Einstein’s Special Theory of Relativity: The Musical

This work is meant to be viewed in it’s two parts (unless you are an expert on relativity in which case you can skip the lecture)

The first part is a lecture on motion and a basic explanation of the Special Theory of Relativity:

The second part is the work itself:

Einstein tells a story about his Special Theory of Relativity and in the process covers the subject of love as well. In the course of the ten minute movie he sings his way through the solution of a physics problem involving a pair of star-crossed lovers. This conceptual work focuses on the translation of theory from observation to presentation. It tackles a well known, difficult subject in a way that is fun and entertaining. The objective with this work was not to simplify the material but to make it more accessible.

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2nd Annual Artshift awards

Last year artshiftsanjose.com gave away $4000 to a deserving artist and gallery.  This year our hope is to match that to a local artist an curator, but we need input from the community…

See the notice below and respond by July 30 to editor@artshiftsanjose.com please include links to the individual(s) and a brief paragraph describing their worthines.

ARTSHIFT San José
celebrates two years of online news and critique
by announcing our

SECOND ANNUAL ARTSHIFT AWARDS IN THE VISUAL ARTS Presented through the assistance of our fiscal sponsor, Arts Council Silicon Valley

WHEN? Nominations will be accepted May 1–July 30, 2009, for outstanding achievement by an artist and/or a curator in Silicon Valley in the 2008–2009 year  (July 1, 2008–June 31, 2009).

WHO OR WHAT TO NOMINATE?  This year we are focusing explicitly on two aspects of our art scene that are so essential to the vibrant visual art community we celebrate. Nominations may be for an ARTIST or ARTIST TEAM, and /or a CURATOR whose work has appeared in Silicon Valley* during the past  year.  This is a chance for the community to tell us who and what has impressed you.  *ARTSHIFT’s definition of Silicon Valley includes our entire coverage area, from Palo Alto in the north to Santa Cruz in the south.

WHO CAN NOMINATE? Anyone, anywhere, may submit one or more nominations that fit the above specifications, using the attached form.  Submissions will be accepted in hard copy or online.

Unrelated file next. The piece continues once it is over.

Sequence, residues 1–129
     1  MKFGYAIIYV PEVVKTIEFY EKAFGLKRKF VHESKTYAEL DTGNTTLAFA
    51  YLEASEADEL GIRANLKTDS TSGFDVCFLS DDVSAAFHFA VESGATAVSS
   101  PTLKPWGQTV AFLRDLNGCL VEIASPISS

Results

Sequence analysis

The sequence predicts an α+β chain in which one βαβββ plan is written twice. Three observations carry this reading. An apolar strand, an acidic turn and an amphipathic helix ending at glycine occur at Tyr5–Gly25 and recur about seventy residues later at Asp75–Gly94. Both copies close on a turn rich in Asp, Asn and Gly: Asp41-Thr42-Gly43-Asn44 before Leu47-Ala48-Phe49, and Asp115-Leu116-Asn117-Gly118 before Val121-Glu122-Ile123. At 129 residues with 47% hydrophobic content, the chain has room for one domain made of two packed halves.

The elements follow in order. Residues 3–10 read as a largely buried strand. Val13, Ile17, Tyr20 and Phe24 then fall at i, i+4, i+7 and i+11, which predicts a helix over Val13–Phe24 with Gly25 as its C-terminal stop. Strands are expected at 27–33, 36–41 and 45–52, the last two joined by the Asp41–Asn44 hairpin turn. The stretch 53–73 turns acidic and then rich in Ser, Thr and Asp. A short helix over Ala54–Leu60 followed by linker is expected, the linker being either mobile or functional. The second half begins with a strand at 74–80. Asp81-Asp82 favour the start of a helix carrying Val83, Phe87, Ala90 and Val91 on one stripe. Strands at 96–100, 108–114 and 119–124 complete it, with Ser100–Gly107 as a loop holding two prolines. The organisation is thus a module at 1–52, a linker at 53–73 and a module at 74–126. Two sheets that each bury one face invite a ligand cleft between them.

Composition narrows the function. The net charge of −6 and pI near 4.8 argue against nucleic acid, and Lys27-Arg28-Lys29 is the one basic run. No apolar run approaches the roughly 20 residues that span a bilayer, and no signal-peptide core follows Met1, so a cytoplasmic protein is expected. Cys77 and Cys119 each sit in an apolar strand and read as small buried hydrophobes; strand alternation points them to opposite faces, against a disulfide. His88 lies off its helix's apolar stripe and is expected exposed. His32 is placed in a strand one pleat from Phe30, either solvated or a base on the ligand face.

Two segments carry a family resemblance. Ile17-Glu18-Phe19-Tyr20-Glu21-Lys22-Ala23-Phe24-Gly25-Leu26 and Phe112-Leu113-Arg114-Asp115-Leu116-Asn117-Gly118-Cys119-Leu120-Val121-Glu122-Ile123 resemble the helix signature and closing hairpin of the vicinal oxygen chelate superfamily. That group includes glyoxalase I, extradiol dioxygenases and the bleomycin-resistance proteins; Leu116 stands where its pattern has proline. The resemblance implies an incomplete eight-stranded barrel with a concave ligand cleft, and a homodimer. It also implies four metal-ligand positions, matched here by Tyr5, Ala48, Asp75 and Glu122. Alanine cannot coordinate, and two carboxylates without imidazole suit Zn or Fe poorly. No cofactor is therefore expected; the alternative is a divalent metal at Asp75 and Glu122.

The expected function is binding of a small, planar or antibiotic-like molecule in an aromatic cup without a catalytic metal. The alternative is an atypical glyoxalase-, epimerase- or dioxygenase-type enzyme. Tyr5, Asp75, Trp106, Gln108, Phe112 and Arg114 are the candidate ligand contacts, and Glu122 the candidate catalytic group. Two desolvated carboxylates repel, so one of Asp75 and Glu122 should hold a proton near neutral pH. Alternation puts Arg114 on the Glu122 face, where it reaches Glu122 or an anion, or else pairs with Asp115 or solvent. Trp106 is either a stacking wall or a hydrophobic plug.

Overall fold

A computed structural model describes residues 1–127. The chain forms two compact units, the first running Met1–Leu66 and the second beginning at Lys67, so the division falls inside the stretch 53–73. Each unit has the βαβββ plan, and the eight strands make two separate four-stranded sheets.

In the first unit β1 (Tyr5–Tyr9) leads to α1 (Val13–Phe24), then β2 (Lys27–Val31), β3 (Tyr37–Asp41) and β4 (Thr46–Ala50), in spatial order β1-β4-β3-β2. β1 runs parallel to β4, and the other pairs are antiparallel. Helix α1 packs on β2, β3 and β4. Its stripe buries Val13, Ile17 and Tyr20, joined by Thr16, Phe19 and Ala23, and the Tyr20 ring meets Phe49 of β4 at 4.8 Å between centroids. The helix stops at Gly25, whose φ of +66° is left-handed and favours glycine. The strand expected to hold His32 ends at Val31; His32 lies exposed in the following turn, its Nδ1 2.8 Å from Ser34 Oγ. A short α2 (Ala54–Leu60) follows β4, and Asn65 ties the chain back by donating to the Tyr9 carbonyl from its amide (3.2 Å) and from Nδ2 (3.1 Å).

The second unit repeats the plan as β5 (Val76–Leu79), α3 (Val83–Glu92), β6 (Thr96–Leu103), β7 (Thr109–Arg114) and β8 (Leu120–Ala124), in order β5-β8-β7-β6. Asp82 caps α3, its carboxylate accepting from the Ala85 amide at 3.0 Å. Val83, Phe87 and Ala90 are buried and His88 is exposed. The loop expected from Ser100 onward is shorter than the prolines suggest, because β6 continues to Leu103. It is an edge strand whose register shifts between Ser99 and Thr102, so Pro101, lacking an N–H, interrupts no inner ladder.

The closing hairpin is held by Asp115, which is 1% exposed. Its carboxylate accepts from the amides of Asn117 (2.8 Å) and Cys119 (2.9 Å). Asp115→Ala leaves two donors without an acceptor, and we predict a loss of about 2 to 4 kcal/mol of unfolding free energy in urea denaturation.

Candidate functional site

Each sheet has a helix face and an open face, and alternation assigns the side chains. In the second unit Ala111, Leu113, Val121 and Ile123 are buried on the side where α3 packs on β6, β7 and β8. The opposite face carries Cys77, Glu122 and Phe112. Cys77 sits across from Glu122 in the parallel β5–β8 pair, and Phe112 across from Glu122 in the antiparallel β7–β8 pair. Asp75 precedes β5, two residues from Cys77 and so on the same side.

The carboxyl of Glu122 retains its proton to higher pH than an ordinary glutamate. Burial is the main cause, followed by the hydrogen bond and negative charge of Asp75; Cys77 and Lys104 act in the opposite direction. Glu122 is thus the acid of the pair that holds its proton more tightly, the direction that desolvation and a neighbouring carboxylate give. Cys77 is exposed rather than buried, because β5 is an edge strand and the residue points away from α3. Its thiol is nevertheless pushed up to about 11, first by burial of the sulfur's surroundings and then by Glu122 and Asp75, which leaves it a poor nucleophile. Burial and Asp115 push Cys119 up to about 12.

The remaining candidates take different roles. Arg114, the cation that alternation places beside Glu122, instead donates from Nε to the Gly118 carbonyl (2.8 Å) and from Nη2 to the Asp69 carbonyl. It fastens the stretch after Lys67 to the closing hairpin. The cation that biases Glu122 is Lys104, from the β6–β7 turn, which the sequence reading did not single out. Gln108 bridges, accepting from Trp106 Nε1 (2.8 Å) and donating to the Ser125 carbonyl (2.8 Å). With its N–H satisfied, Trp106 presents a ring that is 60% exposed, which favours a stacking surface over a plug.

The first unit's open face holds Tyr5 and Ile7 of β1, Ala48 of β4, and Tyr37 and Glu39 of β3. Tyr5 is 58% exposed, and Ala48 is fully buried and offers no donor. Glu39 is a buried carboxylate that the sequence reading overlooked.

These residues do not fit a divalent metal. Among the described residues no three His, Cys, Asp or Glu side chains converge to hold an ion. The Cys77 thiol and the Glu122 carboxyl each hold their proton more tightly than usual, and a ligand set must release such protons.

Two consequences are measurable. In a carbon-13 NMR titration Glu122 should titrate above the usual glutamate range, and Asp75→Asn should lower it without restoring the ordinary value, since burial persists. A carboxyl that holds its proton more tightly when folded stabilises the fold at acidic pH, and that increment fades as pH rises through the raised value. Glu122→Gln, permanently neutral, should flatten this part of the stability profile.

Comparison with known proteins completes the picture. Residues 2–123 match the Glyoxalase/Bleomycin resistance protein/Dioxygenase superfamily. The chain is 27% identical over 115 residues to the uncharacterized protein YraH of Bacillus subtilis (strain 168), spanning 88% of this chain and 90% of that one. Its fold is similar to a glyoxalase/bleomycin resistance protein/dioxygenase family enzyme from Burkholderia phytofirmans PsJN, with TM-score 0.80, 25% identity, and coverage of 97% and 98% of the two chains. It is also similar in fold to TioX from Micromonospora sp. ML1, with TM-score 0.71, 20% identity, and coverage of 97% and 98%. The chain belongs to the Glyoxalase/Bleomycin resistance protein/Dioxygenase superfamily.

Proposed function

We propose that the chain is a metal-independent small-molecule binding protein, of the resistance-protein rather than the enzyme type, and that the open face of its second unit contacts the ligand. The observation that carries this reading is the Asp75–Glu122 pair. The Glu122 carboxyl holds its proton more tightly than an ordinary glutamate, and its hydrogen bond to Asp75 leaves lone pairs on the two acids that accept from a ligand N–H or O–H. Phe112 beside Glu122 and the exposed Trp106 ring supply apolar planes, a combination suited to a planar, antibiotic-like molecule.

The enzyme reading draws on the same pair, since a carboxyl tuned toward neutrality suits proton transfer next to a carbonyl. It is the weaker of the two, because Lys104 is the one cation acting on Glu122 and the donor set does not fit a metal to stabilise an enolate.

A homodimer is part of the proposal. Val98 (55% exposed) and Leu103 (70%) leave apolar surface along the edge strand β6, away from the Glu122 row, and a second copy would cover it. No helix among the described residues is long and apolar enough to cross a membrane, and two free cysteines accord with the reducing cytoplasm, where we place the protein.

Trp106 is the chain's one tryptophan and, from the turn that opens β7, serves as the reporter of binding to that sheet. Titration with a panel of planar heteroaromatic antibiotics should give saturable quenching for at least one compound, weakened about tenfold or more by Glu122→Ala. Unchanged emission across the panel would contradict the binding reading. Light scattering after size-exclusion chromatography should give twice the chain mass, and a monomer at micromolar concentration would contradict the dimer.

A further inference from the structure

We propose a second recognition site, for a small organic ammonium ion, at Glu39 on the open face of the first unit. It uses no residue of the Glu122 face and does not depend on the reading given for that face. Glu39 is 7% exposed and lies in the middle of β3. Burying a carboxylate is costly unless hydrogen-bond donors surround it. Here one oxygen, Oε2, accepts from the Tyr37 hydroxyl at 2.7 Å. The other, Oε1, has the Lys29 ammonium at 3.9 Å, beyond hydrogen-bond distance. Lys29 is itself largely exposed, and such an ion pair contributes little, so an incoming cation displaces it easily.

WHAT IS THE AWARD?  Awards will be at least $2,000 in each category.

WHO MAKES THE SELECTION?  The nominations for Achievement by an Artist will be screened by a three-person committee of the ARTSHIFT San José Board and Writers, joined by San Jose artist Tony May. The nominations for Achievement by a Curator will be screened by a three-person committee of the ARTSHIFT Board and Writers, joined by San Jose ICA curator Susan O’Malley.

The ARTSHIFT AWARDS will be presented in Fall of 2009.
Date and site of the awards to be announced.

editor@artshiftsanjose.com                ARTSHIFT San Jose
924 S. 8th Street
San Jose, CA 95112

It is important that you submit visuals to substantiate this nomination.  Please ask your nominee for a digital folder of a minimum of six 5×7″, 72 jpg images of their art (for artists) or exhibition work (that you cite for a curator) to accompany this nomination.  Our jury sees a lot; nevertheless, they may not be familiar with your nominee.

NOMINEE NAME:

NOMINEE ADDRESS:

TELEPHONE:

EMAIL:
————————————————————————————————————–
Please describe, in a short paragraph, the person you wish to nominate.

Please describe, in a short paragraph, the impact or importance of your nominee and why you believe they merit special recognition as a curator or visual artist in Silicon Valley.

Your name and contact information:

Submissions:     editor@artshiftsanjose.com    or ARTSHIFT San Jose
924 S. 8th Street
San Jose, CA 95112

Contemporary Video is Contemporary Storytelling

101a and video